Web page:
Thursday, May 21, 2020

Salzman Jewelry (Milton, Caswell County, North Carolina)

 The two  houses east of the Union Tavern/Thomas Day House in Milton, Caswell County, North Carolina, have been confusing. The one that remains generally is called the Friou-Hurdle House.

It apparently was built around 1860 by Jarvis Friou (1806-1896), a shoe manufacturer and later the owner of the Milton Hotel. However, some reports indicate that Dr. James Augustus Hurdle, D.D.S. (1849-1925) was a subsequent owner.

If Dr. Hurdle lived in the house that no longer stands, query when he purchased the house next door (that still stands). And what happened to the house that no longer stands? When was it demolished, burned, etc.? This was before the early 1970s when Ruth Little and Tony Wrenn began taking photographs for the Caswell County architectural book (published 1979).

The house that no longer stands has been referred to as:

"Salzman Jewelry/Town Hall"


Friou-Hurdle House
Otto Howard Salzman (1841-1916): Jeweler in Milton, North Carolina c.1880. Note that a building that housed Salzman Jewelry once stood in Milton -- on the south side of Broad Street between the Union Tavern and the Friou House. Apparently the Milton Town Hall also once stood on the same site (or was the same building).

Note that Otto Howard Salzman married Fannie Malinda Hines (1842-1979), daughter of prominent Milton tailor Benjamin Hines (1808-1887). Census records (1880) indicate that Otto and his three daughters lived in the Benjamin Hines household (see below). Thus, it is possible the building that no longer stands was just used as the Salzman jewelry business and not as a residence.

Current Configuration
But, this is not a certainty. Fannie Hines Salzman died in 1879 as a result of giving birth to her third child: Josephine Salzman. Thus, it is possible that Otto Salzman moved his remaining family (three young daughters) to live with his father-in-law. While the mother-in-law had died, remaining in the Hines household at the time of the 1880  US Census were two unmarried sisters of the deceased Fannie Hines Salzman. They could have assisted with the three Salzman daughters.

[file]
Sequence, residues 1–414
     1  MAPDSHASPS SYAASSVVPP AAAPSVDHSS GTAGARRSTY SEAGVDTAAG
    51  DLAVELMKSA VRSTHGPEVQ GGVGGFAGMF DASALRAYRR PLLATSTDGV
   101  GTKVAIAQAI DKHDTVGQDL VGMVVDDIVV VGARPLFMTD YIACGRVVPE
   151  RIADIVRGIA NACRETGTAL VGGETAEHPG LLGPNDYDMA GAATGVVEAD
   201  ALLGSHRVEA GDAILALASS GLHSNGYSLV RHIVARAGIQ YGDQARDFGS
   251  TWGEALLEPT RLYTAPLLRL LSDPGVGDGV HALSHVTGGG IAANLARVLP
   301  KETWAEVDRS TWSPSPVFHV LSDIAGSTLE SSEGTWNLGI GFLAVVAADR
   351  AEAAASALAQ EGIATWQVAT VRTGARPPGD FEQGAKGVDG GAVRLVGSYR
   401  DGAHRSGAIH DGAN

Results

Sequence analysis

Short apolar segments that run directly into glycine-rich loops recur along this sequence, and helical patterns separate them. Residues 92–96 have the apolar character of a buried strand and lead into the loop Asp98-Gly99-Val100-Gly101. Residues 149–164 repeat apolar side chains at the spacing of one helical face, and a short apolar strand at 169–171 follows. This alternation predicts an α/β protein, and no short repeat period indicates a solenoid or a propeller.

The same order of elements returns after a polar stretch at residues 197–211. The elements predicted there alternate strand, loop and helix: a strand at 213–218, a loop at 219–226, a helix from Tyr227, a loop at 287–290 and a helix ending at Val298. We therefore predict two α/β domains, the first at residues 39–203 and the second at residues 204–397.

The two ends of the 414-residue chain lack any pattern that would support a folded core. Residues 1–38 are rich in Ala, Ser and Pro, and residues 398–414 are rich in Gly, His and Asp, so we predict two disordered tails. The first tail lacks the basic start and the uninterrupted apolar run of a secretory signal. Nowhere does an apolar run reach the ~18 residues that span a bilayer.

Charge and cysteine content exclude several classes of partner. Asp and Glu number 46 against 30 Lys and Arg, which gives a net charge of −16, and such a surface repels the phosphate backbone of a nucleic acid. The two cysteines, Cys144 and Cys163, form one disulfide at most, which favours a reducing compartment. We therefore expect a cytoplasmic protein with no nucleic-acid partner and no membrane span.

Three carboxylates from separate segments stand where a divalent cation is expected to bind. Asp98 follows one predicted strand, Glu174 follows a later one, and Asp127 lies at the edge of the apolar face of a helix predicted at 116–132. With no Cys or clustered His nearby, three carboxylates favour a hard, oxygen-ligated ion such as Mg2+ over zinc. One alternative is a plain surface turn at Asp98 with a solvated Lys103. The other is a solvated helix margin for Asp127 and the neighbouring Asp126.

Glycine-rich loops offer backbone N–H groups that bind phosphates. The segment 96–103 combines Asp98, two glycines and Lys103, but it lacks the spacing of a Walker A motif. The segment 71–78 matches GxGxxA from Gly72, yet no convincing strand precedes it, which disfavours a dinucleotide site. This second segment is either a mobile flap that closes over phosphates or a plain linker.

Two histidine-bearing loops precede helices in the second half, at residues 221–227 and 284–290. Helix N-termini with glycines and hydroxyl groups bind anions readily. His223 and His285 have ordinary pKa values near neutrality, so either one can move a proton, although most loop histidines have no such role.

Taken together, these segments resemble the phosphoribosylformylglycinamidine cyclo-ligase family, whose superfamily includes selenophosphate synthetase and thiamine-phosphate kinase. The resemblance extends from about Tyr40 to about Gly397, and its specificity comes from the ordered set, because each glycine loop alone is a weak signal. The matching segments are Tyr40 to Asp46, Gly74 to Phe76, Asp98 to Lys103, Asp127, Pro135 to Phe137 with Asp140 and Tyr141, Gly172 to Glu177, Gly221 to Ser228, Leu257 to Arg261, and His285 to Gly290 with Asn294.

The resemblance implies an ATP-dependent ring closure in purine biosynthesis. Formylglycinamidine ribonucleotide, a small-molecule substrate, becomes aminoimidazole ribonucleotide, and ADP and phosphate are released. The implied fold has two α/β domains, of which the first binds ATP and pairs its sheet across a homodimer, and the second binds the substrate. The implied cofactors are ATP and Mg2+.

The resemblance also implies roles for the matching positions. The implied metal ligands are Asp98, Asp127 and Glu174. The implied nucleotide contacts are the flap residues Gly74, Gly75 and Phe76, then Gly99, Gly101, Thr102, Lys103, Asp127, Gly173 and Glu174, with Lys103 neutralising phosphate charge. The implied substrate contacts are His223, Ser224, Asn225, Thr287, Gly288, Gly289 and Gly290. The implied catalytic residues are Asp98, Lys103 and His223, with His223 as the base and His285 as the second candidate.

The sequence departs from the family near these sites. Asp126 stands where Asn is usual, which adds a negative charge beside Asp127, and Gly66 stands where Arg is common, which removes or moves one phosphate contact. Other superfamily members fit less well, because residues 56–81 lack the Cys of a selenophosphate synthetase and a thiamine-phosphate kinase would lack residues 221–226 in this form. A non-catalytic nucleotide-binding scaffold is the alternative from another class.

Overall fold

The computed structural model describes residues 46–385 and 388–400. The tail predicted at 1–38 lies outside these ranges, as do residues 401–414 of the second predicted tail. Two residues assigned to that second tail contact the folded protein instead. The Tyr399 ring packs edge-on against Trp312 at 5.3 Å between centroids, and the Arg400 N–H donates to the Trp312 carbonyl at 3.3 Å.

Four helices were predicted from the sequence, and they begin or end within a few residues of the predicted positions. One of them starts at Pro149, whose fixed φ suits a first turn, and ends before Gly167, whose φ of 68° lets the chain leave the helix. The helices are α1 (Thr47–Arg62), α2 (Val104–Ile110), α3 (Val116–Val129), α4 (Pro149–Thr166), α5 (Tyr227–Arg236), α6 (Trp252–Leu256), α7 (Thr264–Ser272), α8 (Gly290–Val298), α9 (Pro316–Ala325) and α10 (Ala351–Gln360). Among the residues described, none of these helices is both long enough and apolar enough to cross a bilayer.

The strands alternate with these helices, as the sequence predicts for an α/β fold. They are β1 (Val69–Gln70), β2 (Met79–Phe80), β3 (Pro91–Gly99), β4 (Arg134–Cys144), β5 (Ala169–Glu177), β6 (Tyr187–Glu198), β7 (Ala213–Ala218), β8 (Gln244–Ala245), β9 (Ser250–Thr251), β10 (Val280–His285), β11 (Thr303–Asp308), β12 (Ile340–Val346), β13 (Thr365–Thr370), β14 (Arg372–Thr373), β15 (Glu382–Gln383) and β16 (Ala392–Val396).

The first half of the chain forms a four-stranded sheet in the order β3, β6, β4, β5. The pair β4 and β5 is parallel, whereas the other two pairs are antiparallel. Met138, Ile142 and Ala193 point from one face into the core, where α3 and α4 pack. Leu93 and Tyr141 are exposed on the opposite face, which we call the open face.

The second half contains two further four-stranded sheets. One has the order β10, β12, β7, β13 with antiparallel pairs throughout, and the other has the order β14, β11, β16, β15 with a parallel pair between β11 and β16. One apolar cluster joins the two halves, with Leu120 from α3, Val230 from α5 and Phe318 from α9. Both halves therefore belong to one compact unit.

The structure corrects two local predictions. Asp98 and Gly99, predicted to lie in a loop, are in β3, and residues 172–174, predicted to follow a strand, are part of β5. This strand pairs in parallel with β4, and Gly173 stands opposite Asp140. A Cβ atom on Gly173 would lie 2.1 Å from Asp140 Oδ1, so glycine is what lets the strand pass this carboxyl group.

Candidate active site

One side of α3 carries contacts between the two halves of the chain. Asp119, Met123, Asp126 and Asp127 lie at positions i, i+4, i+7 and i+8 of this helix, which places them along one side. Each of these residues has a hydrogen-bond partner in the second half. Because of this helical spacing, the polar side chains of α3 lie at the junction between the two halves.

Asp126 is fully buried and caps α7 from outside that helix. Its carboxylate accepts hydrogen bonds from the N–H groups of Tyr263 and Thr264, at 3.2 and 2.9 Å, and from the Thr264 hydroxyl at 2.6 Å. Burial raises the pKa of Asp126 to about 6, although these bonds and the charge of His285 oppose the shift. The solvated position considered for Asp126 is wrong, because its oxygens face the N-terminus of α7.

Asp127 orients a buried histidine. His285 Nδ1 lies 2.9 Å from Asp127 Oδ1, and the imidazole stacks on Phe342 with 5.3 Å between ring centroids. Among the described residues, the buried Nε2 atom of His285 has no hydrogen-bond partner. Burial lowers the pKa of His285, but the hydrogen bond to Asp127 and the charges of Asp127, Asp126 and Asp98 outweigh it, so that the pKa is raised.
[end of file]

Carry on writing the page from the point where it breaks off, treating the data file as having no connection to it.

The 1870 US Census is not instructive as Otto and Fannie were married in 1872. Otto Salzman arrived in the US from Hamburg, Germany, 27 June 1865. At some point after Fannie died Otto apparently moved to Danville, Virginia, where he owned and operated a retail jewelry business. He died 1816 and rests at Green Hill Cemetery (Danville, Virginia). Otto apparently was Swiss, which is appropriate for a jeweler.

Of interest is the mother of Fannie Malinda Hines Salzman: Sarah Price Holder (1810-1853). Yes, she is the daughter of the James Holder (1774-1836) who built the Holder House now owned by Danny and Kimberly Cash!

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